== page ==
The projects in this guide are really inventive and fun, they are ordered in difficulty from easy to challenging. If someone who only had basic experience with the micro:bit picked up this project book, they could become quite competent just from following the tutorials.
I'd estimate it would take a beginner a full day to go through all the challenges and spend some time experimenting with each one. The booklet covers all the modules included in the kit and takes you through wiring, coding and what to do with your new invention.
The only thing the guide does not cover in detail is transferring the code to your microbit, this would only effect complete beginners who had never coded on the mirco:bit before.
An online PDF of the guide is available here.
I took the kit out to show a small group of secondary school students who attend a code code. Student had used the built in features on the micro:bit before and had used some cartridge adaptors for driving servo and Dc motors. Quite a few are confident enough to code independently. After a brief introduction to the modules and their function, and showing pupils how to add the Grove and neopixel package, they were able to create their own projects using the modules. This would not have been possible using a traditional edge connector, as they would have needed a lot of support/instruction at the wiring phase. In the past I've had a few electrical components short out due to being wired improperly, so it was good to know this wouldn't be possible with this kit. The shield retails for under £10 and the Seeed modules are quite affordable so for the usage a class or code club could get from this platform it does feel like good value for money. The modules are quite robust and didn't get damaged, even through rigours use, there are also no small parts to get lost in the carpet.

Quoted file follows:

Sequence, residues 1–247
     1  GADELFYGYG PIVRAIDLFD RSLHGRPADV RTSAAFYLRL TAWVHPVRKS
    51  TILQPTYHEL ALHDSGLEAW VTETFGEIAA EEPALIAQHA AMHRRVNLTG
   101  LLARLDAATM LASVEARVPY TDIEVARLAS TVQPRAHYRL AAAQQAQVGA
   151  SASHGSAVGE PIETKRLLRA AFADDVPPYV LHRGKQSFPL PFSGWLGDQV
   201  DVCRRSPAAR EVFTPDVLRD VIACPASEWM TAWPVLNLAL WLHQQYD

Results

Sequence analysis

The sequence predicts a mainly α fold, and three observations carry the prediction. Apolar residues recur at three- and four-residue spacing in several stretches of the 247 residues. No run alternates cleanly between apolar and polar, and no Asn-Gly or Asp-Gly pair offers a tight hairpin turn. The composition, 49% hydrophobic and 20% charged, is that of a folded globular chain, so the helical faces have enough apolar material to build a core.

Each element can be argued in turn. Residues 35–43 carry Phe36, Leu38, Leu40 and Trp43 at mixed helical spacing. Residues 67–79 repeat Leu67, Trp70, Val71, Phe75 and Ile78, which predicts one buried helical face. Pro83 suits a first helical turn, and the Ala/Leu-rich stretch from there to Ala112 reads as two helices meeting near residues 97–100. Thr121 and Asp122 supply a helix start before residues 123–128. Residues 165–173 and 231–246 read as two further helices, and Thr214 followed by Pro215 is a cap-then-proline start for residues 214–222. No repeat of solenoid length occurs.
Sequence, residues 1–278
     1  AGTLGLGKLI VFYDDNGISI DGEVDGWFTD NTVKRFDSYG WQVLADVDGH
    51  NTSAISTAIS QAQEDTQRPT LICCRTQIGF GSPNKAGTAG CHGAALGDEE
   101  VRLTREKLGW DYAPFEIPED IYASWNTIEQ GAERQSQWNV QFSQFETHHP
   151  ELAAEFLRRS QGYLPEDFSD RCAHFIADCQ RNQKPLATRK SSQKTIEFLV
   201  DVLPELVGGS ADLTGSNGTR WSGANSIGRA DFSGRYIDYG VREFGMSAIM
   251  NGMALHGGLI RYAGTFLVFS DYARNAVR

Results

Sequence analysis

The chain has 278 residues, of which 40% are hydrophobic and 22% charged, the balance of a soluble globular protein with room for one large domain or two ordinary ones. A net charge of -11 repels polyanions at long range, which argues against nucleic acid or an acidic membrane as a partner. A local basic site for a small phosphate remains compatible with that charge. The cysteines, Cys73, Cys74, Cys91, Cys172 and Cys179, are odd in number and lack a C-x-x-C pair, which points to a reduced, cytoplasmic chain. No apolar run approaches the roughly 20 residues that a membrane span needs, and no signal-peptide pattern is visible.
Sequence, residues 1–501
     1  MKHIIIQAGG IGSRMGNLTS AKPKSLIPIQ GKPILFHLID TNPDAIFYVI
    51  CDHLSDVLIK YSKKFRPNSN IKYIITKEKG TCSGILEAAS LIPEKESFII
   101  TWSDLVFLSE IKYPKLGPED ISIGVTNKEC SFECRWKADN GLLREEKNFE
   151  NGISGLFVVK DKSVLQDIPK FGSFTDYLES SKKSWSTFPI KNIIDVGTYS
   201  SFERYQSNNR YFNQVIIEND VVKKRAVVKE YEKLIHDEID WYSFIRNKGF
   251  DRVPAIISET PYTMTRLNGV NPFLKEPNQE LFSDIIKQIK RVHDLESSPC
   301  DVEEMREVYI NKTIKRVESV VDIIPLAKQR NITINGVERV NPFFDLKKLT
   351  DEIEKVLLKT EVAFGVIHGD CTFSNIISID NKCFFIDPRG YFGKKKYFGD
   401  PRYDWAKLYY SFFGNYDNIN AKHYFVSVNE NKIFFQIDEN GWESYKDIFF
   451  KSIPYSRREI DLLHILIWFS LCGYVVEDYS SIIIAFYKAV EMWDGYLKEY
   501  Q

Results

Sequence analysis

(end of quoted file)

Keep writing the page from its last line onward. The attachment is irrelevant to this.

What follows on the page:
Most my electronic projects develop into a spiderweb of wires, making it very time consuming when something isn't working and each wire needs to be checked. Jumper cables are low profile and cheap, but have a tenancy of falling out. This plug-and-play nature of this electronics was great to keep everything organised and well secured. It was easy to swap modules out without too much downtime between experiments. The Grove package support allows you to pull off some quite complex things with ease. I was however limited by the amount of connections available, as each module takes up 1 of 4 connections. The Arduino and Raspberry shields have a lot more sockets to use, however as the microbit is aimed at newcomers to electronics it's more than adequate for most beginner projects. As the micro:bit has built it radio/Bluetooth this limitation could be overcome by using multiple boards which communicate with each other.
I have a bag of spare Grove cables, so got to work testing if some non-Grove components would work.
SG90 9g Servo motors worked great, you just need some spare male-male jumpers to connect them
HC-SR04 Ultrasonic Distance Rangefinder didn't work with the Grove Ultrasonic Library.
HC-SR501 PIR Senor worked well
It a bit of a squeeze to get the jumpers to fit in the socket without stripping the plastic off, but it does form a sturdy connection.
The main drawback to this product is lack of library or package support for Seeed modules not included in the kit, limiting the users exploration to whats included in the box a number of simple sensors/ outputs. Most Seeed modules come with fantastic documentation and libraries for Arduino and Raspberry pi, but the micro:bit is currently not included. Seeed have said more Package support is on the way for current modules, a full list of currently compatible modules can be found here. In time, the Grove Shield with continued support from the company could bring the Micro:bit in-line with the Arduino and Raspberry pi in terms of versatility and compatibility.
A great kit for beginners and experienced users a like. Takes a lot of the hassle out of coding and wiring and allows you to really explore the potential of fun and exciting electronic projects. Definitely one to watch in the future when Grove release more module support.